Article

Overview: Anglo‐Saxon Identity

Catherine Hills

in The Oxford Handbook of Anglo-Saxon Archaeology

Published in print March 2011 | ISBN: 9780199212149
Published online September 2012 | | DOI: http://dx.doi.org/10.1093/oxfordhb/9780199212149.013.0001

Series: Oxford Handbooks in Archaeology

Overview: Anglo‐Saxon Identity

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The first part of this text reflects on an emphasis on periods of interface — between the Anglo-Saxons and Britons, Scandinavians (Vikings) and Normans — rather than on periods such as the seventh and eighth centuries when identity seems to have related less to an overall Anglo-Saxon ethnicity and more to membership of family or tribe, Christian or pagan, elite or peasant. Archaeological interpretation has undergone as drastic a phase of rethinking as historical. More anthropological awareness amongst archaeologists has cast doubt on the idea of ‘culture’ and has shown that ethnicity is a very complex concept. The identities of the peoples who lived in Britain in the past varied regionally and chronologically. The archaeological evidence does not show a change of identity: most of what has been seen as ‘Medieval England’ was in place long before the Conquest.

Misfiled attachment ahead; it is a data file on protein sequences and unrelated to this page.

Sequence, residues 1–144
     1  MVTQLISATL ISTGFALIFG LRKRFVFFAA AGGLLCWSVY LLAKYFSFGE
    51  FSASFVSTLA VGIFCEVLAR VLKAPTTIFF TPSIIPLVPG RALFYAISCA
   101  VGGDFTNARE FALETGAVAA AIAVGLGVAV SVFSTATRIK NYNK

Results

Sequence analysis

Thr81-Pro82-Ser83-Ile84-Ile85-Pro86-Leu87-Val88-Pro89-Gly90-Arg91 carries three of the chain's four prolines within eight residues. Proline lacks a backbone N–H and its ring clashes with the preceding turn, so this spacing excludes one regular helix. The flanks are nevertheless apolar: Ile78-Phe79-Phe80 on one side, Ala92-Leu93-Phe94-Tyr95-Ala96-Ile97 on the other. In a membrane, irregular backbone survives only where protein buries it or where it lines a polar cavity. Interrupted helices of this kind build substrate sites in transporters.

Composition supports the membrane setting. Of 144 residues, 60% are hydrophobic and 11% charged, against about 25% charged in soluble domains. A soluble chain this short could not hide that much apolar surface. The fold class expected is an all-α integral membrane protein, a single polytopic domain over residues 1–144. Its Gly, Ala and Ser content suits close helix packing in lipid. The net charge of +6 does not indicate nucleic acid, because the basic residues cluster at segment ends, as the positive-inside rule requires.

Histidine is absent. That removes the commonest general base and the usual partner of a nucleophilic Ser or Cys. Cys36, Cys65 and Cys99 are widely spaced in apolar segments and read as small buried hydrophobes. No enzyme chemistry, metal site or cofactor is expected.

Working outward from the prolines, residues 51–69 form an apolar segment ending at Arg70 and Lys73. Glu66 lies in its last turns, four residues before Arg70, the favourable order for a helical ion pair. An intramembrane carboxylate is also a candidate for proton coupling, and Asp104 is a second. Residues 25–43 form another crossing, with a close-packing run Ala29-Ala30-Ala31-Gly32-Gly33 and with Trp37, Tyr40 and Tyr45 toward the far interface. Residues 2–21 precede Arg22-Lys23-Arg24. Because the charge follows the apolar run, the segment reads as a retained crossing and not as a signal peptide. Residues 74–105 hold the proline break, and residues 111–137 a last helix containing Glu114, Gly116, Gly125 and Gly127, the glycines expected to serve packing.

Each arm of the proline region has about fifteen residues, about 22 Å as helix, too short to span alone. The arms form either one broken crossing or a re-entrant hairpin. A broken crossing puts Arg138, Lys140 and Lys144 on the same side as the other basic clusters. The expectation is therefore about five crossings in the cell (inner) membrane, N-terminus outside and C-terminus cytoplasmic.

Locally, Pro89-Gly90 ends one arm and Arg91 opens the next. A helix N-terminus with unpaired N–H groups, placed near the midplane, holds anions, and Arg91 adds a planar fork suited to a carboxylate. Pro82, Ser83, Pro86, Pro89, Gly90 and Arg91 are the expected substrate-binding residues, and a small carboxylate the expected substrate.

Keywords: Anglo-Saxon identity; Anglo-Saxons; Britons; Scandinavians; Normans; Anglo-Saxon ethnicity; Medieval England; Conquest

Article.  4399 words. 

Subjects: Archaeology ; Anglo-Saxon and Medieval Archaeology

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